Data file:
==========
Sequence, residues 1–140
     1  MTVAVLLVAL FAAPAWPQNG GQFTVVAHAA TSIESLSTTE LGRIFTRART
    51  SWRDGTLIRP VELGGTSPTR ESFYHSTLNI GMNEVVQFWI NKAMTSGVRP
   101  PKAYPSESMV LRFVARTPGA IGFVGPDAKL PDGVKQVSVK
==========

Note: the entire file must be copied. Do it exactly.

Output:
Sequence, residues 1–140
     1  MTVAVLLVAL FAAPAWPQNG GQFTVVAHAA TSIESLSTTE LGRIFTRART
    51  SWRDGTLIRP VELGGTSPTR ESFYHSTLNI GMNEVVQFWI NKAMTSGVRP
   101  PKAYPSESMV LRFVARTPGA IGFVGPDAKL PDGVKQVSVK